Tuesday, August 16, 2011

Thoughts on TOT

Teacher vs Trainer - (courtesy of Marzin Omar)
The term Jurulatih Utama (Main Trainer) or JU for short is not an unfamiliar term among Malaysian teachers - it is a title supposedly given to teachers acting as trainers or coach for other teachers in a district or state.

     In some districts, teachers who are JUs are normally those who have years of experience in teaching, and in many aspects are considered more skillful and knowledgeable in many areas of the teaching field compared to other teachers. That's why they are appointed as trainers to train other teachers through courses, workshops and etc.

     Having said that, there are also' instant' JUs sprouting everywhere around the state. Teachers who went for a particular training at the state level are usually required to conduct an 'in-house training' for teachers in their respective districts, and as such, would automatically be appointed as JUs for their districts. While this in itself, in my humble opinion, isn't a bad thing, a recent training called 'Training of Trainers' (TOT) that I've attended recently had opened my eyes on some issues and aspects of being a JU that I have never really given much thought before.

     Initially, my idea (a very narrow idea, admittedly) of being a JU is similar to being a messenger. That includes attending a training that your PPD or JPN has asked you to attend, participating diligently in all the sessions, digesting the new information, copying everything in your pen drive or external hard disk, then conducting an 'in-house training' in your district or school where you will convey all the information that you've gained throughout the training to your colleagues, exactly or almost exactly in the way they have been presented to you. Whether the participants of the 'in-house training' that you conducted are impressed or amused or are able to digest whatever that you've conveyed is a totally different matter. As long as you've imparted the knowledge and information as accurately as you remember it, you're good. You've done your part as a messenger - or a JU.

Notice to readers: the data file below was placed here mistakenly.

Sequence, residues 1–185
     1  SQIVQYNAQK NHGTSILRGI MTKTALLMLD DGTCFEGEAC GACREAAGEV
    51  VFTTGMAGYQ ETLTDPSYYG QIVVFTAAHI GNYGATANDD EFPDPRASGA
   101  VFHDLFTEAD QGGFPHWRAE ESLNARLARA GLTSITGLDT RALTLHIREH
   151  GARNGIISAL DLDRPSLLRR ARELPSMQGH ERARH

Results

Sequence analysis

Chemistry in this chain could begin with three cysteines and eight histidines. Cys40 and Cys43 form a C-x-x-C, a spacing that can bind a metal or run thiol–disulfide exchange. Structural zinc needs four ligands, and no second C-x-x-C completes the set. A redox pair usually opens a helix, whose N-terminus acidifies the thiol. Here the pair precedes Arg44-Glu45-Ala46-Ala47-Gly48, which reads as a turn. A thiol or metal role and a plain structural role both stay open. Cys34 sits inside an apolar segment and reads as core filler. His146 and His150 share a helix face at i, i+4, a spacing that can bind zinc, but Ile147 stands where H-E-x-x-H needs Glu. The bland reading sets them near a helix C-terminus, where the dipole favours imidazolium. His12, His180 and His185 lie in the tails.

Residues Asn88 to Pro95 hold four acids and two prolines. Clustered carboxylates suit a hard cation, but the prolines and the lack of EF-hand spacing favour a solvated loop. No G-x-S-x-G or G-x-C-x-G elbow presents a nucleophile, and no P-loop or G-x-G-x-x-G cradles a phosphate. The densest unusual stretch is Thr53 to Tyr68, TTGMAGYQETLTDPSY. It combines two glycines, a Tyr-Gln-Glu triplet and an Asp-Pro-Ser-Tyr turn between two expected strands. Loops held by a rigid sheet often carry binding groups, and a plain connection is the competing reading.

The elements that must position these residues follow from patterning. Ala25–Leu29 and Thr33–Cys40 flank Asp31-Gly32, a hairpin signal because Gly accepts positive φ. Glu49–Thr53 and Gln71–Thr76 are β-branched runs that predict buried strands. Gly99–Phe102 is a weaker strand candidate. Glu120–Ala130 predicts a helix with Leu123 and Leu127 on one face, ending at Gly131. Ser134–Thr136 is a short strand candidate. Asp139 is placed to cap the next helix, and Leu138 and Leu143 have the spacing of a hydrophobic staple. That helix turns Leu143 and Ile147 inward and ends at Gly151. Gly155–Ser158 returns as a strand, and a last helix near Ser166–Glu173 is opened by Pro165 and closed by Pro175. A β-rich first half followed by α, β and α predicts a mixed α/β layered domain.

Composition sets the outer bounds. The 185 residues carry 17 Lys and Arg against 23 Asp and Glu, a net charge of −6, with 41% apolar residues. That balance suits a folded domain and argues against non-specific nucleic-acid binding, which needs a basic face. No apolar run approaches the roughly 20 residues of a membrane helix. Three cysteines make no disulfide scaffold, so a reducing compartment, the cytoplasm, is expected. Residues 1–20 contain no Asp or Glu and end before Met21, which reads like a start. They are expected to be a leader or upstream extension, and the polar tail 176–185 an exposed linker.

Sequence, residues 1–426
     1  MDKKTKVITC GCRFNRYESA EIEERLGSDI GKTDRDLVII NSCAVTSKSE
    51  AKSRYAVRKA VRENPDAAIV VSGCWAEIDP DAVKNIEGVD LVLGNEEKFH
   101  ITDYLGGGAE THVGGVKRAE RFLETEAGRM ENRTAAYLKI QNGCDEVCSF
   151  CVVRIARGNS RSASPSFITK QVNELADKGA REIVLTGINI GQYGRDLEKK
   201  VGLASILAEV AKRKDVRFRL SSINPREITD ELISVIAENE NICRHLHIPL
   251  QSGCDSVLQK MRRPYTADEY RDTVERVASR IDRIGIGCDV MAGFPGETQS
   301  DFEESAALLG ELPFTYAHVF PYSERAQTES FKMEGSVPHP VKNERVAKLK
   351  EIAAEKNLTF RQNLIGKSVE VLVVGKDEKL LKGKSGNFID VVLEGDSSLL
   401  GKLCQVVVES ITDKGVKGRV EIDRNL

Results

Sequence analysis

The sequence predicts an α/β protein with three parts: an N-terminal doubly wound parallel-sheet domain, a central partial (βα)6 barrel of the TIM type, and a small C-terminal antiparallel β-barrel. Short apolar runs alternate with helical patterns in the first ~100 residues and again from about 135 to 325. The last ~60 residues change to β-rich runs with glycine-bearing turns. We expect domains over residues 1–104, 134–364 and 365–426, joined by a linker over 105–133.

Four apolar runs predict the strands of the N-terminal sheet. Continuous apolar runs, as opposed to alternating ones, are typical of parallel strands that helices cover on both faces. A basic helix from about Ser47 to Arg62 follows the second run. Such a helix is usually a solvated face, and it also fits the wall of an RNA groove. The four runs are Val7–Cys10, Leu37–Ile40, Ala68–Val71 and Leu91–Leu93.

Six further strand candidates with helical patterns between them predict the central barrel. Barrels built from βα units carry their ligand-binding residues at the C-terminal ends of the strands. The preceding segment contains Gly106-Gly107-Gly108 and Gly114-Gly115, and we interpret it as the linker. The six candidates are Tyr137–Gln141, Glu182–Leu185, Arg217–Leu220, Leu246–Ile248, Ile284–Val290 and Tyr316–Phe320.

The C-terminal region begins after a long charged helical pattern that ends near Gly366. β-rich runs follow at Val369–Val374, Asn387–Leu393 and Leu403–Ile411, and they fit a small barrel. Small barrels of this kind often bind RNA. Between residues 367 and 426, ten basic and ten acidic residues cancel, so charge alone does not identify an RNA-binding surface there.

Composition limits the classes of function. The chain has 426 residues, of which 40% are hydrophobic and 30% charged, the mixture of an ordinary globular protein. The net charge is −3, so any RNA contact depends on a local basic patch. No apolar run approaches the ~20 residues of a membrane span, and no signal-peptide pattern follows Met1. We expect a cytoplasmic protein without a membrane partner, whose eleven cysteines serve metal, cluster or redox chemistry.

Though as a JU  I have always tried as best I could to do my homework before conducting a training for my colleagues in my district, the extra effort that I usually take is limited to providing some extra information and materials that I have required through extra reading and personal research. As far as making my training session a memorable and enjoyable experience through the participants perspectives - as far as I can remember - those rarely become my first priorities. My main concerns always focus around the 'whats', I rarely prepared the 'hows', - the 'how effective?' Almost never.

     I'm very grateful for the opportunity to attend the Training of Trainers (TOT) Course for Guru Cemerlang (Excellent Teachers) and Jurulatih Utama (Main Trainers) under the MBMMBI Policy conducted by the English Language Teaching Centre (ELTC) - the 'Harvard' for Malaysian TOT for teachers. The TOT was conducted at De Choice Hotel, Tawau from August 8 to August 12, 2011. It was a packed four-days training that had served as an eye-opener for me. During the introductory session, one of the speakers said that many JUs and GCs, though very experienced and reputable in their field of expertise, are not necessarily effective trainers. The reason for this is that JUs are normally teachers who are selected to attend a course for JUs and being appointed the responsibility of conducting 'in-house trainings'. Normally the criteria for such selection is based on the teacher's direct relation or connection to the subject of the training, i.e. if the course is an English KSSR Year 2 course, an English teacher who teaches Year 2 and who is willing to go for the training will be selected. Whether that particular teacher can shoulder the responsibility of training other teachers is almost always a secondary factor.